The ACCC has published principles to help ensure internet service providers’ claims about broadband speeds aren’t misleading under the Australian Consumer Law.
“The ACCC is concerned that the use of vague speed claims is not providing consumers accurate, comparable, or useful information. Four out of five consumers have trouble comparing broadband speeds and this is causing a high level of complaints, confusion, and dissatisfaction,” ACCC Chairman Rod Sims said.
The ACCC has developed six principles to guide ISPs on best practice marketing when it comes to broadband speeds, including how to make a clear statement on the typical speeds consumers can expect during busy hours.
The six principles are…
- Consumers should be provided with accurate information about typical busy period speeds that the average consumer on a broadband plan can expect to receive
- Wholesale network speeds or theoretical speeds taken from technical specifications should not be advertised without reference to typical busy period speeds
- Information about the performance of promoted applications should be accurate and sufficiently prominent
- Factors known to affect service performance should be disclosed to consumers
- Performance information should be presented in a manner that is easily comparable by consumers, for example by adopting standard descriptive terms that can be readily understood and recognised, and
- RSPs should have systems in place to diagnose and resolve broadband speed issues.
ISPs should make accurate information about broadband speeds available to consumers during sales processes and on their websites to help consumers compare plans, identify how various applications will perform (including video streaming), and provide customers with support if the service falls short of expected speeds.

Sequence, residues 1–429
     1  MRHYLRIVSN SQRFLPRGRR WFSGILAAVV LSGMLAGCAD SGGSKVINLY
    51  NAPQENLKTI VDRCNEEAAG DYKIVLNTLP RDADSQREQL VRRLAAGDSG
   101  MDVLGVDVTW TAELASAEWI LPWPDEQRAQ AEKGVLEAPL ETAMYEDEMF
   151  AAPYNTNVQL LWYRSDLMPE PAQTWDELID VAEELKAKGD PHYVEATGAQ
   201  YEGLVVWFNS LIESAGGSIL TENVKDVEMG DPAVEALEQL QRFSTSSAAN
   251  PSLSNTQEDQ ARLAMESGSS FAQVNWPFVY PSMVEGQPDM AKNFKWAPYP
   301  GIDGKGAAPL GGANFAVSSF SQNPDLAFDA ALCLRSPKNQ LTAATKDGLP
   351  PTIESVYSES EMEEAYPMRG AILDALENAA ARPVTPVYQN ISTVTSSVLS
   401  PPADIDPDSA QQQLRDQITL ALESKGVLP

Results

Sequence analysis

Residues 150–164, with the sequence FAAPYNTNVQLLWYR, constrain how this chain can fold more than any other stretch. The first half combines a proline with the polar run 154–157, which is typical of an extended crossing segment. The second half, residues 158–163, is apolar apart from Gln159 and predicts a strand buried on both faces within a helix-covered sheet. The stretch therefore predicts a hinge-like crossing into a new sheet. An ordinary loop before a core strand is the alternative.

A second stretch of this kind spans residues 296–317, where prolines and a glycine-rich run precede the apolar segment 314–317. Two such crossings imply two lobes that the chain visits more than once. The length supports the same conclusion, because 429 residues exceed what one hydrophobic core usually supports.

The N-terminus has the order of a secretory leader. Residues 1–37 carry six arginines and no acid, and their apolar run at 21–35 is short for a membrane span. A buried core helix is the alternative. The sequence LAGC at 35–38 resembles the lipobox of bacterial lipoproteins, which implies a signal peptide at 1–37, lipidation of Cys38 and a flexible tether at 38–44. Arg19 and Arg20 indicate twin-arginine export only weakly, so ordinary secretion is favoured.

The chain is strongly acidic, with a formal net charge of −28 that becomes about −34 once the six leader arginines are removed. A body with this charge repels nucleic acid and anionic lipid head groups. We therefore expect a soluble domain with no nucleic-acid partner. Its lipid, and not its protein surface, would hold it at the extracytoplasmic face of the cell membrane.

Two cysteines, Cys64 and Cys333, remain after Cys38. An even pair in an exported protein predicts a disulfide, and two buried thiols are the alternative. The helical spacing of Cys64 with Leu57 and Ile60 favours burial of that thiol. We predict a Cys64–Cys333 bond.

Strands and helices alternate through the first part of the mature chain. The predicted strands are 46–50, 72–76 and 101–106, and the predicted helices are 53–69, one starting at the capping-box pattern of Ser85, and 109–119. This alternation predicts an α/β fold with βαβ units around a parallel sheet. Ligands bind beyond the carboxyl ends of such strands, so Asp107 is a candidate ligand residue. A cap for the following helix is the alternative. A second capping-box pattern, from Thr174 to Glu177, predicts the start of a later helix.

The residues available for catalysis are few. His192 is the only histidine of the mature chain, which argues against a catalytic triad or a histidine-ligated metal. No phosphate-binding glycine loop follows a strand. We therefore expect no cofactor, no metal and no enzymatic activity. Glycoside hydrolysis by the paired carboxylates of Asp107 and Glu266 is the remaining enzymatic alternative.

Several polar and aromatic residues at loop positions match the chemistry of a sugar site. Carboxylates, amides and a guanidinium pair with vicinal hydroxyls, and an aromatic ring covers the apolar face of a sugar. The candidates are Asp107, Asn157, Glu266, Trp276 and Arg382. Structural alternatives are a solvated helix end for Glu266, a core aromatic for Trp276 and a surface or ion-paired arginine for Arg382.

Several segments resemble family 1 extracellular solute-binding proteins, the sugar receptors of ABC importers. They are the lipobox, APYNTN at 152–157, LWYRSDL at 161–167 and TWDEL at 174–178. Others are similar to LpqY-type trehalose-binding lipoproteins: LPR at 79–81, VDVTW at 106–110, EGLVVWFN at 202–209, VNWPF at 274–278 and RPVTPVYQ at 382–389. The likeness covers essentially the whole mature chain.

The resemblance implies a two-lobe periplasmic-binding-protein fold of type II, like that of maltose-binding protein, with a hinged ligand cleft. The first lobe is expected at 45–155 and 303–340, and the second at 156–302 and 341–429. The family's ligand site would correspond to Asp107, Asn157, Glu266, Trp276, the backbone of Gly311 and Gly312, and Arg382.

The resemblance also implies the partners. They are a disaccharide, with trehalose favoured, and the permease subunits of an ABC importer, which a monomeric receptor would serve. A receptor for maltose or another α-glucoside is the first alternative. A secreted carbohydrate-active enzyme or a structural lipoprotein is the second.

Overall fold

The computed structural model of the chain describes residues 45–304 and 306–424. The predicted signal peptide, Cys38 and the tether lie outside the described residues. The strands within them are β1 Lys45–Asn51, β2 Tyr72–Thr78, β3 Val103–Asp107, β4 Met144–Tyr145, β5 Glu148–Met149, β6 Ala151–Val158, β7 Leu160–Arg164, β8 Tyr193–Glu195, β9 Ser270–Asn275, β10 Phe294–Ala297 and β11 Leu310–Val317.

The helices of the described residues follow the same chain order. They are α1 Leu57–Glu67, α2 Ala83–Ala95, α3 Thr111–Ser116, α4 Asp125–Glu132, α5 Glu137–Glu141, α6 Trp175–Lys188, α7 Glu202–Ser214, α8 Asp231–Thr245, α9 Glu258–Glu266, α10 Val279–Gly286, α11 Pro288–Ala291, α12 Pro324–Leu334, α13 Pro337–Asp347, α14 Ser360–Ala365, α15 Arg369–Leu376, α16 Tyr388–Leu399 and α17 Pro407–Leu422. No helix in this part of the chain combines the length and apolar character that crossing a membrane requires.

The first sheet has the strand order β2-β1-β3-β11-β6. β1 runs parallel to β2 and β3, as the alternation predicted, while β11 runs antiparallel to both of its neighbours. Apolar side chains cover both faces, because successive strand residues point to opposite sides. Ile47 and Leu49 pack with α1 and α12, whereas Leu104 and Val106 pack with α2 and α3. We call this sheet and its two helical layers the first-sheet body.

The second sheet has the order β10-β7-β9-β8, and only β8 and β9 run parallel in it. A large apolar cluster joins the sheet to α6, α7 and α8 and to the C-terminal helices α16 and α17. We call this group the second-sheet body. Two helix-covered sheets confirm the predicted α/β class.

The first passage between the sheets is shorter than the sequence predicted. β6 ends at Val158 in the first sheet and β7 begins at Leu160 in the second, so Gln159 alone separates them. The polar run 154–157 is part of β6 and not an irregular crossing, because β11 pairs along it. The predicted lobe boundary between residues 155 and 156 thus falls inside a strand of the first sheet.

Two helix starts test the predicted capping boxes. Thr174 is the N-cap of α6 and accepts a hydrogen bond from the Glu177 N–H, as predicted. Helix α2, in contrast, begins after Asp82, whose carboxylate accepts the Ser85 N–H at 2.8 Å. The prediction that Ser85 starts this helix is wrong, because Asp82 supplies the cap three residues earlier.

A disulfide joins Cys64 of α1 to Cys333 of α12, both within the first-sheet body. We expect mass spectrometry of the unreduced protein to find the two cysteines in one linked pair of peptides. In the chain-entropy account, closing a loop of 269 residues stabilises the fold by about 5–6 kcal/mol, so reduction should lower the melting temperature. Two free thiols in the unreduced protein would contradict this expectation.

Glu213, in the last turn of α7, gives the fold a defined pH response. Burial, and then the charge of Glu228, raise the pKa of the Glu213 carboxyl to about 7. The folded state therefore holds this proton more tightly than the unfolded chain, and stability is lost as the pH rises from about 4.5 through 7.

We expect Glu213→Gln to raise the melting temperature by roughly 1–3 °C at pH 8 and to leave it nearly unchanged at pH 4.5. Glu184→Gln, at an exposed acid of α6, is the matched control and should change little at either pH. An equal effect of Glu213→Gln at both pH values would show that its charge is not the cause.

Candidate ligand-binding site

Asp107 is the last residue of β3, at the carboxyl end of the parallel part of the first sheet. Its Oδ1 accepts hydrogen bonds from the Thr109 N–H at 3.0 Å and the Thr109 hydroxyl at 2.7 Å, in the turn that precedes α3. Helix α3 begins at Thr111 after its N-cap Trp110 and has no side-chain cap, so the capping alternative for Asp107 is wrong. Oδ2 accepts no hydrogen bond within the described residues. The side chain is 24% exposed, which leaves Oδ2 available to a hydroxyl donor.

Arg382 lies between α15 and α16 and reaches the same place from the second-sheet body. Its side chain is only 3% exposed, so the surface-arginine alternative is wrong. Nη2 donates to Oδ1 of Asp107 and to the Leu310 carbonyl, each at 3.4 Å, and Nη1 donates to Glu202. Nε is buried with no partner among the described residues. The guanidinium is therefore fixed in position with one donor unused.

“The ACCC has listened to the views of consumers and industry in identifying the fundamental areas of concern and developing principles by which to resolve them. The ACCC will now work with industry and issue more detailed guidelines to ensure they are able to use this framework to provide better information to their customers. It’s the first step of a longer-term plan to bring about meaningful change,” Mr Sims said.
“Greater transparency around broadband speeds will enable consumers to make clearer comparisons on product choices, further encourage ISPs to compete on speed and save consumers money.”
Complaints to the Telecommunications Industry Ombudsman about internet data speeds increased 48 per cent during 2015-16, making it the single largest issue for consumer complaints during the year. There are around 7 million fixed broadband subscribers and a further 6 million mobile broadband users (ABS, December 2015).